Much of the following information is excerpted with permission from the May 2, 2010 report by Peter Suber for the SPARC Open Access Newsletter [SOAN; www.earlham.edu/~peters/fos/newsletter/05-02-10.htm].
Six Representatives from two parties introduced the Federal Research Public Access Act (FRPAA, H.R. 5037) in the House of Representatives on April 15, 2010. The bill would essentially extend the existing open access (OA) mandate for the National Institutes of Health (NIH) across all of the major funding agencies in the U.S. federal government. FRPAA is already pending in the Senate and now has a serious shot at adoption, according to Suber. The sponsors want OA, not just a trial balloon or a symbolic flag in the ground.
FRPAA mandates OA for unclassified research funded in whole or part by the largest federal funding agencies. The cutoff is whether an agency spends $100 million/year or more on extramural research. This year that covers 11 agencies: the Department of Agriculture, Department of Commerce, Department of Defense, Department of Education, Department of Energy, Department of Health and Human Services, Department of Homeland Security, Department of Transportation, Environmental Protection Agency, National Aeronautics and Space Administration, and the National Science Foundation.
According to Suber, FRPAA would liberate more research literature than any other policy ever proposed in any country. If adopted, it would do more for the worldwide momentum of OA than any step in our history and more than any step on the horizon.
While the scope of the bill depends on agency budgets for extramural research (research by agency grantees as opposed to agency employees), the OA mandate in the bill applies to intramural research as well (research by employees).
Apart from its wider scope, FRPAA differs from the NIH policy in a four respects:
(1) It would shorten the maximum permissible embargo to 6 months.
(2) It would require immediate OA, or eliminate embargoes entirely, for intramural research.
(3) It would offer more flexibility about the OA repositories in which to deposit work. Agencies could host their own repositories, as the NIH does, or ask grantees to deposit into third-party repositories, such as their own institutional repositories, provided the repositories met certain conditions of OA, interoperability, and long-term preservation.
(4) It would offer more flexibility on how to secure permission for the mandated OA, or how to avoid copyright infringement. It supports the battle-tested NIH method but opens the door to additional methods. For details, see the Suber article on the 2009 introduction of the Senate version of the bill (www.earlham.edu/~peters/fos/newsletter/08-02-09.htm#frpaa).
Just as Congress asked NIH to develop an OA mandate, without dictating the details, FRPAA asks agencies to come up with their own policies within the general guidelines laid down in the bill. It's not a one-size-fits-all solution and agencies are free to differ on the details. They would have one year from the bill's passage to frame their own policies.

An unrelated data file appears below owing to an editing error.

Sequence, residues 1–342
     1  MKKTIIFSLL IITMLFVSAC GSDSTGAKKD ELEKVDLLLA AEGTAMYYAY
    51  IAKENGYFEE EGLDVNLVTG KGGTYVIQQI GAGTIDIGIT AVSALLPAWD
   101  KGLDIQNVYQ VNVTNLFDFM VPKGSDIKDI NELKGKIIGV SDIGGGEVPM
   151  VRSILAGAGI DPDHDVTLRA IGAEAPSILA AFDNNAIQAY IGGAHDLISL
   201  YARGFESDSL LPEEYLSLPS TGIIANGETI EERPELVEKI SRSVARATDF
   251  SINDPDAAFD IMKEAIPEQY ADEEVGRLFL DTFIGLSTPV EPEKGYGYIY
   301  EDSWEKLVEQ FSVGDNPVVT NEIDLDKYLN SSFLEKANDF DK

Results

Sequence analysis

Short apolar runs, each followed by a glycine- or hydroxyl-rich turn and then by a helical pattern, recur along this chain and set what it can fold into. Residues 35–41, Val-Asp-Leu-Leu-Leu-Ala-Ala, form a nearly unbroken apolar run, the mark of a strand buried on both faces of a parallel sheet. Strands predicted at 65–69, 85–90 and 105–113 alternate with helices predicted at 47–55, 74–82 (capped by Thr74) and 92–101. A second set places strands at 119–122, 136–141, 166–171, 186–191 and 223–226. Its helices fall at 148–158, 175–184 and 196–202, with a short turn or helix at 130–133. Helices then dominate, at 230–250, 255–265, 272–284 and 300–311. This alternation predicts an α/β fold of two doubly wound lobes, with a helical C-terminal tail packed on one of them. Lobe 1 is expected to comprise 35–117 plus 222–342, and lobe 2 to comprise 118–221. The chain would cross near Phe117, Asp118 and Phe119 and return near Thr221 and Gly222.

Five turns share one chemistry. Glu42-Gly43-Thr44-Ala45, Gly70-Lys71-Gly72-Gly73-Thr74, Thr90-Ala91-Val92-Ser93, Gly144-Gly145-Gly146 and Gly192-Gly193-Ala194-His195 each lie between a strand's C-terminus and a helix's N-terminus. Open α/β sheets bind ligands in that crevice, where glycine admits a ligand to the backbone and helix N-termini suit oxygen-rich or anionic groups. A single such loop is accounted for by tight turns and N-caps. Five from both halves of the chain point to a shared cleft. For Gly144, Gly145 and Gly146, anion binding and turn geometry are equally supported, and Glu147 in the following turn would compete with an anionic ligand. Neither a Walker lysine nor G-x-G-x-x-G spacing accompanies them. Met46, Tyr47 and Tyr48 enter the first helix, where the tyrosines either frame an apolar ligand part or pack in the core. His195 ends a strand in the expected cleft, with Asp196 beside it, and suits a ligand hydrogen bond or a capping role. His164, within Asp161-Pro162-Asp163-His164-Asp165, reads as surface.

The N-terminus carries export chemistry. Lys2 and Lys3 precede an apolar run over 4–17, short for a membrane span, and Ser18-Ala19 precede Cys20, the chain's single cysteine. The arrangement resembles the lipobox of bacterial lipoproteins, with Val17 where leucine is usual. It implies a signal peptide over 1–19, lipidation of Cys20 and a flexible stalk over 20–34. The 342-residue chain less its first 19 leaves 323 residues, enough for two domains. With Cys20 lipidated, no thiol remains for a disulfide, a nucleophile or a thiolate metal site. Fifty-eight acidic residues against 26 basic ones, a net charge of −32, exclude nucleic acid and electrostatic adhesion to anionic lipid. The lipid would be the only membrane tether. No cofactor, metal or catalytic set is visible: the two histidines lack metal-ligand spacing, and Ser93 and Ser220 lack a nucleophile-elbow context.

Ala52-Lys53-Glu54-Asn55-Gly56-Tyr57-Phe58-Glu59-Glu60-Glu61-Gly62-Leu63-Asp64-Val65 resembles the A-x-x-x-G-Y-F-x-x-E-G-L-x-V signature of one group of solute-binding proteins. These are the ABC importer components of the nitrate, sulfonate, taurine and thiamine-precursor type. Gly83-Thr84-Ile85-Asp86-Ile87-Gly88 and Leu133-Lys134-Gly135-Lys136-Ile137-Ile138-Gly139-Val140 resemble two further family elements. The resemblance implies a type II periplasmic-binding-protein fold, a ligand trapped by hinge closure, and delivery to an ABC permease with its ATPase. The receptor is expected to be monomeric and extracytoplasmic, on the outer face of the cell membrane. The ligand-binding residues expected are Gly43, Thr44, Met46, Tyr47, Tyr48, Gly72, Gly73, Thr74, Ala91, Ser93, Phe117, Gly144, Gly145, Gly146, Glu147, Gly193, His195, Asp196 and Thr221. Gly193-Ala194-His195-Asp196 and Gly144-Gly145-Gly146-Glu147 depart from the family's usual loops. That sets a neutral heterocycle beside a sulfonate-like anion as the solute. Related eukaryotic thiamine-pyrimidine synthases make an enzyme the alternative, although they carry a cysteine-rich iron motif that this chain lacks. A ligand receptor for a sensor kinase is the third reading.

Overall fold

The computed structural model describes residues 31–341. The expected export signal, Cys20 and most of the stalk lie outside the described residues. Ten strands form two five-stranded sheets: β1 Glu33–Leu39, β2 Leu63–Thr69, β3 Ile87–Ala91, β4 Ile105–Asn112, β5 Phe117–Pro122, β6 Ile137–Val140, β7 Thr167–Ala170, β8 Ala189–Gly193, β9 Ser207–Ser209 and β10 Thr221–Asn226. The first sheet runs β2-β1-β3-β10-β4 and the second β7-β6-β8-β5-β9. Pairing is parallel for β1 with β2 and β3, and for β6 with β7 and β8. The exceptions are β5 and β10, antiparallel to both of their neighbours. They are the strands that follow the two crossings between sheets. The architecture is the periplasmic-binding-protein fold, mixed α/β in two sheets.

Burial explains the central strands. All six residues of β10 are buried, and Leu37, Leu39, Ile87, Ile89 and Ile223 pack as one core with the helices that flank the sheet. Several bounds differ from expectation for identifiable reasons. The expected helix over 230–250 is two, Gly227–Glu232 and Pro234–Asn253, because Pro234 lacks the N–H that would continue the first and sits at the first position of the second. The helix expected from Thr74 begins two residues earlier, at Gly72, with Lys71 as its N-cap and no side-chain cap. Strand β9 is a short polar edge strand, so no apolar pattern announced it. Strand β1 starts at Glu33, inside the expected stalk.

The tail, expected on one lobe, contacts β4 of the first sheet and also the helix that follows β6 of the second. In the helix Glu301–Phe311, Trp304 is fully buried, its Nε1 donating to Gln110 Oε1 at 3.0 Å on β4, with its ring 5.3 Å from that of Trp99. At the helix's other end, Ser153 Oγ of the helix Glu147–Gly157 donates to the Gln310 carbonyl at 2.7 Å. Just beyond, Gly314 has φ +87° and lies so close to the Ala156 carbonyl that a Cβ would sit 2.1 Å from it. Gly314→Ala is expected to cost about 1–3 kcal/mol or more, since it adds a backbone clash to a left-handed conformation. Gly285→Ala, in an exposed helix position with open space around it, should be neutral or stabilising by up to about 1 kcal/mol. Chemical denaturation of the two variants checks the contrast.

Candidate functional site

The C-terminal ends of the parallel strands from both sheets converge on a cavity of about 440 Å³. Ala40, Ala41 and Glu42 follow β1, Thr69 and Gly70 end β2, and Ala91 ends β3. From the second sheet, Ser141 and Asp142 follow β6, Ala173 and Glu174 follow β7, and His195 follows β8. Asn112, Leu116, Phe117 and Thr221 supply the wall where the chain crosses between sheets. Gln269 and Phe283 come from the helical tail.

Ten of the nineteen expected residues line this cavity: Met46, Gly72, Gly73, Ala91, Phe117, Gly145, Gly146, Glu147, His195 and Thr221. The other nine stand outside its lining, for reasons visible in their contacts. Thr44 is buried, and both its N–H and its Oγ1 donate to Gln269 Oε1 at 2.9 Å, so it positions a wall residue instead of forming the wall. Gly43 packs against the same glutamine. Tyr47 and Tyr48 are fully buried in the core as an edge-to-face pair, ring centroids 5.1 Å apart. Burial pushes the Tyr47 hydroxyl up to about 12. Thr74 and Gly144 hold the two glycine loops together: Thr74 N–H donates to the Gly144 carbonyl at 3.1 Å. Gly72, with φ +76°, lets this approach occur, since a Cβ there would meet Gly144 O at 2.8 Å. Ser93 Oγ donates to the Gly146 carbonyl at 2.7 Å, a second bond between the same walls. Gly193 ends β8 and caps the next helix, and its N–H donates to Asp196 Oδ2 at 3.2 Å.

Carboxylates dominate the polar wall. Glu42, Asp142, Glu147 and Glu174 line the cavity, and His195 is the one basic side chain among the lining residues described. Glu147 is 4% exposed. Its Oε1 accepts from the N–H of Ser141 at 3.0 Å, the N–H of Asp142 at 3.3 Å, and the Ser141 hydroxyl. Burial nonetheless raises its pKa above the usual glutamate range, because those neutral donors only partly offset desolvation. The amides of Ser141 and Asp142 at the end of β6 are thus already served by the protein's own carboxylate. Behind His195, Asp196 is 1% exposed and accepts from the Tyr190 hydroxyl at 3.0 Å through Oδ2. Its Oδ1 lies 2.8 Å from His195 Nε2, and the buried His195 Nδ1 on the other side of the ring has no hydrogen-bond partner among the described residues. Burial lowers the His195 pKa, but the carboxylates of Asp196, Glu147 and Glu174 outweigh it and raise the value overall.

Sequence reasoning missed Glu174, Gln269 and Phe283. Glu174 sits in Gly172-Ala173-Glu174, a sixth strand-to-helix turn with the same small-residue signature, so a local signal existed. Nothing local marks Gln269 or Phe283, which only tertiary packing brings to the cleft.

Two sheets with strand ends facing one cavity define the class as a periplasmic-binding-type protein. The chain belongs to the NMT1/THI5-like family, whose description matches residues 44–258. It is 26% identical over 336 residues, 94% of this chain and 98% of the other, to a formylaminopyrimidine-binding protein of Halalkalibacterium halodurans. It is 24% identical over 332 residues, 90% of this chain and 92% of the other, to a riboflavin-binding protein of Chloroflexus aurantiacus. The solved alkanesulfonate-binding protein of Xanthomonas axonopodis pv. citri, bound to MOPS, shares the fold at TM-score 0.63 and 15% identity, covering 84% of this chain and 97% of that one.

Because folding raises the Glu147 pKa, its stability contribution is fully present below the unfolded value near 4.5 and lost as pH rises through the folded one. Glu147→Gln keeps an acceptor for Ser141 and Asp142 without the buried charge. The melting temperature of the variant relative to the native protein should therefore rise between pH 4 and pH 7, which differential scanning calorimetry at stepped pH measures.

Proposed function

Two federal agencies already operate under OA mandates: the NIH and the Institute of Education Sciences. Both allow 12 month embargoes and FRPAA would trim them back to 6. In that sense, FRPAA not only extends but also strengthens the existing federal mandates.
John Cornyn (R-TX) and Joe Lieberman (D-CT) first introduced FRPAA in the Senate in May 2006, when it was never matched by a House version and never came up for a vote. Cornyn and Lieberman reintroduced it early in the current session of Congress, June 2009, and now for the first time, the bill is on the table in both the House and the Senate. Because the House and Senate versions are identical, no reconciliation would be needed if both passed. "We've never had such a good shot at passing this watershed legislation," wrote Suber.
White House Initiative
The House introduction of FRPAA comes while the White House is considering its own OA initiative. Late last year (Dec. 9, 2009) the White House Office of Science and Technology Policy (OSTP) called for public comments on "enhancing public access to archived publications resulting from research funded by Federal science and technology agencies." Comments were originally due on Jan. 7, 2010, but the deadline was extended until Jan. 21, 2010.
The comments are available here: www.whitehouse.gov/blog/2010/03/08/public-access-policy-update
Opposition From Publishers
Publishers are throwing their support instead behind a bill that opposes agency OA mandates, known as the Fair Copyright in Research Works Act (HR 801), introduced in February by Rep. John Conyers (D-MI). For details, see the document posted by the Professional/Scholarly Publishing (PSP) Division of the Association of American Publishers: "Key Points: How the Fair Copyright in Research Works Act Protects Copyright and Advances Science and Scientific Publishing (www.pspcentral.org/PSPFairCopyrightKeyPoints.cfm).
"The Federal Research Public Access Act of 2006," by Robin Peek, May 8, 2006:
THOMAS pages on the bill-Federal Research Public Access Act:
--In the Senate (S.1373)
--In the House (H.R. 5037)
Announcement from the Alliance for Taxpayer Access
The Association of American Publishers and DC Principles Coalition released their April 29 letter to the House Committee on Oversight & Government Reform, opposing FRPAA.
Fair Copyright in Research Works Act (HR 801)